So it's that time of year again: end of summer holidays, and beginning of blogs and TV shows about screen time restrictions. Should you wean your children off of devices gradually or let them have a last blast before the constraints of the school year kick in?
Whatever your strategy, there is no doubt that screen time is the new treat for children: Screens keep children quiet on the plane and wind them up right after the dinner. They can make children addicted and potentially cause weight issues down the road. They can help children make new friends and lure kids to strangers. And just like with anything that makes children happy but potentially unhealthy and unsafe, parents want to know how early children can have them, how much is too much, which are the bad ones for the body and which are the good ones for the brain. The issue of how much time children spend watching TV has been around for a while, but screen time -understood as ipad apps and video games- has many new ingredients.
Luckily, you don't need to summon the entire alphabet to answer the Ws questions (the what, who, where, when) regarding your child's screen time. Instead, you can be guided by one big letter: the letter C (as in Candy).
Lisa Guernsey, journalist and director of the Early Education Initiative, rightly says that for evaluating screen time, we need to consider 3Cs: the content, the context and the individual child. So, what do the 3Cs mean?
Common sense tells you that the question of how much screen time is too much becomes irrelevant if we don't specify the content. Two hours chatting with friends on Facebook is different from playing Call of Duty. Or from watching others play a video game. The latter has, as Ryan Wyatt, global head of content for gaming at YouTube, says, 'become the new Saturday morning cartoons' for millenials.
Of course content has always been a generation-related issue, but what is different with today's generation is that we all consume and produce volumes of digital content unlike any time in history. So, before you place an alarm clock next to your child, consider the content of the allocated screen time. What program is your child interacting with and is s/he a creator or consumer? The two have very different purposes and challenges.
Unless you are a candy addict, you probably eat sweets only on specific occasions: when you need to achieve something, when you feel lonely, when you're having a good time with friends. Similarly, technologies are used in specific contexts, and these contexts often happen independently from your, or your child's, will. Parents pass their phones back to their children when they are busy with other activities such as driving or shopping (the so-called "pass back effect"). In schools, the use of screens is determined by a particular subject and an individual teacher's practice. These different contexts influence the different experiences your child will have with screens. You therefore need to consider the 'when and where' questions when evaluating screen time.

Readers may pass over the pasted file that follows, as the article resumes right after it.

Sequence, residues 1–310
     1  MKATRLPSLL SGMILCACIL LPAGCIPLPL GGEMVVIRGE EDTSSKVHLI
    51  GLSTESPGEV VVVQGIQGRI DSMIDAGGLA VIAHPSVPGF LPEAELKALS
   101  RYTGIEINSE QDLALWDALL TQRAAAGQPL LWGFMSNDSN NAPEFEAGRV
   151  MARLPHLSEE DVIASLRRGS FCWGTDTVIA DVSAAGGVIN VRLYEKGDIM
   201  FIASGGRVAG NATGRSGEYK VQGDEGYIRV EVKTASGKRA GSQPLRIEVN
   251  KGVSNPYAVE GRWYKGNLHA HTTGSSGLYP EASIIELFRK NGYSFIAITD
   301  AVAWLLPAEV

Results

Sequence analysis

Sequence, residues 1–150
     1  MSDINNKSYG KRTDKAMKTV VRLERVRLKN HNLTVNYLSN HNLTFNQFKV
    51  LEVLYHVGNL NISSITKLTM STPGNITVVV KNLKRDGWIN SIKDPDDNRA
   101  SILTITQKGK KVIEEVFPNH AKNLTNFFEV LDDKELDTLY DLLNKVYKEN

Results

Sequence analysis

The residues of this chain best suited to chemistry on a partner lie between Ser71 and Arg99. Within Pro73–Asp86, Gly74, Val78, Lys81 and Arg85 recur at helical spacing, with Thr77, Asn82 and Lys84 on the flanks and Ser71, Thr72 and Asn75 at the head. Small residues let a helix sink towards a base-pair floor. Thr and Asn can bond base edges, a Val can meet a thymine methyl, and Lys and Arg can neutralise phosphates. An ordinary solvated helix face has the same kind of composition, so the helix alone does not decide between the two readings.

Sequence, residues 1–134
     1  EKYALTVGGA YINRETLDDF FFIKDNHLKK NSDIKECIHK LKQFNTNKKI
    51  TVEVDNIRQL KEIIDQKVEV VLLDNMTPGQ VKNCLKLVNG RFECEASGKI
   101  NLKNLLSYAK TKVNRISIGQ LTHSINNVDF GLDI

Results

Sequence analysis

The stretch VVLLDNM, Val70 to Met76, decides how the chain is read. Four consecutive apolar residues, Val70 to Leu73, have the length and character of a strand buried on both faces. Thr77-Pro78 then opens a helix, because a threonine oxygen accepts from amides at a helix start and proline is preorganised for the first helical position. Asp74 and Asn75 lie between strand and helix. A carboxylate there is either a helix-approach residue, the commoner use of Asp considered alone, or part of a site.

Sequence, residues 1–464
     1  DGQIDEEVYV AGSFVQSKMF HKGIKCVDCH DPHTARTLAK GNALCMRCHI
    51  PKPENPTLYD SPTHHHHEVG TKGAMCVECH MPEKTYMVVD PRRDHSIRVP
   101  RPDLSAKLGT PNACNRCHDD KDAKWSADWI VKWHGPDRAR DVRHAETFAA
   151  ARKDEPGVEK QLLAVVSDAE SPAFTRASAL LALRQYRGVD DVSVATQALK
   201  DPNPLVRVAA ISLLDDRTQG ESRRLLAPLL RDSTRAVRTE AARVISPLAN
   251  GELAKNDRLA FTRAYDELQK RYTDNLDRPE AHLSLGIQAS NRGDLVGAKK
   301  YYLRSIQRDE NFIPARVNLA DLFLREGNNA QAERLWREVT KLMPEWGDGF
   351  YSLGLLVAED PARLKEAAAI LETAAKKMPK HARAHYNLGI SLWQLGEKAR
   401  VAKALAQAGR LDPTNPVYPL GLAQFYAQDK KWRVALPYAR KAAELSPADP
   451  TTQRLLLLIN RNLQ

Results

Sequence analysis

When you send your younger child off to the playground, you probably won't let them stay outside as late as their older siblings. Or when booking your child's summer camp, you discuss their preferences and review the options with them. Similar principles apply to the digital playground: Some screens are not appropriate for the youngest ones and some games are not suitable for children all together. The third C reminds us that an individual child's needs and preferences will influence all the Ws questions regarding screen time.
The common thread that binds the 3Cs is that they are all closely connected to each other. This means that when one changes, the other two change as well. For example, when the whole family watches TV on a Sunday afternoon and an inappropriate ad pops up, your teenage child might laugh but your three-year-old may be scared. The content is the same but will affect your two children differently. The context of being all together in one room could affect the younger child's reaction. For example, if you console your younger child or not, if she sees her older sibling reaction or not, all could influence the effects of the content.
The interrelationship between the 3Cs brings us to the elephant in the room: if we want to understand the benefits and limitations of specific content and context on individual children, we need to abandon the term 'screen time' all together. Instead, we need to be asking how a specific activity, carried out in a specific context, might contribute to a specific child's knowledge and skills. Again, the letter for capturing these skills is the same as before: C as in vitamin C.
Just like vitamin C protects your child's immune system, so can these C skills protect your child from potentially harmful online content. For scholars concerned with mindfulness, the key in using media is consciousness or conscientious connectivity, a way of being mindful in the digital sphere. For those who have experienced the backlash of negative media attention, compassion is essential.
The Partnership for 21st Century Learning lists 4Cs: critical thinking, communication, collaboration, and creativity. The San Carlos School Board added citizenship, and child experts, professors Hirsh-Pasek and Golinkoff, list 6Cs for the 21st century: critical thinking, creative innovation, collaboration, communication and content.
Conclusion: Vitamin C and Candy Combined
All these critical skills will help build your child's resilience against cyberbullying and other toxic content they might encounter online. Together with the 3Cs, they will support your child's healthy screen time. So that it's yummy too, remember the candy analogy and the important social role screens play in children's lives. And of course, in all this "Craziness around Changing Childhood Culture", don't forget the importance of green time.